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Nov 09

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Doi Inthanon National Park covers the areas of Sanpatong District, Chomthong District, Mae Chaem District, Mae Wang District, and Toi Lor Sub-district of Chiang Mai Province within an approximate area of 482 square kilometers or 301,500 rai. The National Park consists of high mountains, including Doi Inthanon, which is the highest mountaintop in Thailand and the source of many rivers such as Ping River, where the Bhumipol Dam is situated and generating the electrical power. The National Park has beautiful natural scenery such as waterfalls, particularly Mae Ya Waterfall, which is one of the most beautiful waterfalls in Thailand.

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Topography

The geographical features of the National Park consists of high mountains, including Doi Inthanon, which is the highest mountaintop in Thailand (2,565 meters above the sea level), followed by Doi Huamodluang (2,330 meters above the sea level). Doi Inthanon is the source of many rivers including Mae Klang, Mae Pakong, Mae Pon, Mae Hoi, Mae Ya, Mae Chaem, Mae Khan, and being part of Ping River, where the Bhumipol Dam is situated and generating the electrical power.

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Climate

Since the National Park is located at 2,565 meters above the sea level, it has cold weather and high humidity throughout the year, particularly on the top of the National Park. In winter, the temperature at the National Park is below 0„ac. And in summer, despite hot weather in central Chiang Mai and nearby districts, it is still freezing on the top of Doi Inthanon and tourists should be prepared with thick clothes.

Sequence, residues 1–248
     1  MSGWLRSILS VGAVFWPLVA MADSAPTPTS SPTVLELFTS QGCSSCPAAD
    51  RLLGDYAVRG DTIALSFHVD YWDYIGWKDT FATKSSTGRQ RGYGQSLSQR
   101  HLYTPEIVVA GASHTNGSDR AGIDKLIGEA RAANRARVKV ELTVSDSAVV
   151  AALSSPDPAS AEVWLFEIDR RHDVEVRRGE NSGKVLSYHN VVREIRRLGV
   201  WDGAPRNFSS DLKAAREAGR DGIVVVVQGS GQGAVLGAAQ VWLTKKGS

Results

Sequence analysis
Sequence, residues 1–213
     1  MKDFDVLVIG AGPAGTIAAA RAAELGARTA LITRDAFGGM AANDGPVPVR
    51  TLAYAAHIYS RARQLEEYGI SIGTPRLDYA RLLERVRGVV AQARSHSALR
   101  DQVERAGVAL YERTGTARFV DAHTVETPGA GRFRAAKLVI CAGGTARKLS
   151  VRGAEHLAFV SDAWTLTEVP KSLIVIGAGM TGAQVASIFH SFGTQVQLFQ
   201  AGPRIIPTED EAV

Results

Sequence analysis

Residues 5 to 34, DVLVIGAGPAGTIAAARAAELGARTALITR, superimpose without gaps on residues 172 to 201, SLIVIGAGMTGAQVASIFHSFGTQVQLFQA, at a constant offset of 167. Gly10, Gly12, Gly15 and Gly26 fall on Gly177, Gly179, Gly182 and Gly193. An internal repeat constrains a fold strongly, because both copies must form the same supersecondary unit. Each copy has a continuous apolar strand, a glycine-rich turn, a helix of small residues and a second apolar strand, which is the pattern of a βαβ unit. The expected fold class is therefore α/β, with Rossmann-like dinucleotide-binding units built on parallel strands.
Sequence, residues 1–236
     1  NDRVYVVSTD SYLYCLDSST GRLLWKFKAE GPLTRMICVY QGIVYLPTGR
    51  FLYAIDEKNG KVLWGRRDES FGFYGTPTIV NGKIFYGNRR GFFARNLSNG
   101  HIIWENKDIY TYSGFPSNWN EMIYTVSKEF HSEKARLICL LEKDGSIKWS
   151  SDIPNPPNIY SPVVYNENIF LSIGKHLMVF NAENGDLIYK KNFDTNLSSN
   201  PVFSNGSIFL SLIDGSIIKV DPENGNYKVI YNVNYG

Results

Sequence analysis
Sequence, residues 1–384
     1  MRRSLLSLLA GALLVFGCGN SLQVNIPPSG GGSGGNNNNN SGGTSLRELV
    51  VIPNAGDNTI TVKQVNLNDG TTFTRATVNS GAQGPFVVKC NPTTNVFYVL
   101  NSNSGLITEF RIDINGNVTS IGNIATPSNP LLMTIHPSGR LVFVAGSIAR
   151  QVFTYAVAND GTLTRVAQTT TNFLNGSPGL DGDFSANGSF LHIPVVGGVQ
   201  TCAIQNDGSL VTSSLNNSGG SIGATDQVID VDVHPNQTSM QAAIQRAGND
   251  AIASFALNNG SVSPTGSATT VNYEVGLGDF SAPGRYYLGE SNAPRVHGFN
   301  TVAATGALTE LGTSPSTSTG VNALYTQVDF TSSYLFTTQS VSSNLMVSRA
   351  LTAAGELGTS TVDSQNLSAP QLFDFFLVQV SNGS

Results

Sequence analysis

Flora and Fauna

In general, the National Park contains alternate areas of vast lands and forests since tribesmen opened up wasteland for cultivation. (It can be seen from both sides to the top of Doi Inthanon that the mountains are all reclaimed unlike other national parks).

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Doi Inthanon National Park has varieties of forests, including virgin forests, pinery, timber forests, and mixed forests. Economic plants available in the National Park include teak, Malabar Ironwood, pine, timber, Dipterocarpus Intricatus (Hiang), ebony, Xylia Xylocarpa (redwood plants), Leguminosae (Pradoo), Terminalia Arjuna (Rokfa), Afzelia Bijuga (Maka), Black Wood, Michelia Alba, Lagerstroemia (Tabaek), etc. Moreover, there are varieties of beautiful wild flowers such as Fah-mui, Chang Daeng, Rongtao Naree (wild orchids), and wild roses. Meanwhile, moss, Kao Tok Ruesi, and Osmunda can be found everywhere.

The number of wild animals in the National Park is decreasing since tribesmen hunt them and forests are reclaimed for dwellings, as a result, some species of large animals become extinct. At present, some surviving animals include goral, deer, tigers, wild boars, bears, wild rabbits, and wild fowls.

Source: National Park Wild life and Plant Conservation Department

For information: 053 275525, 053 208988

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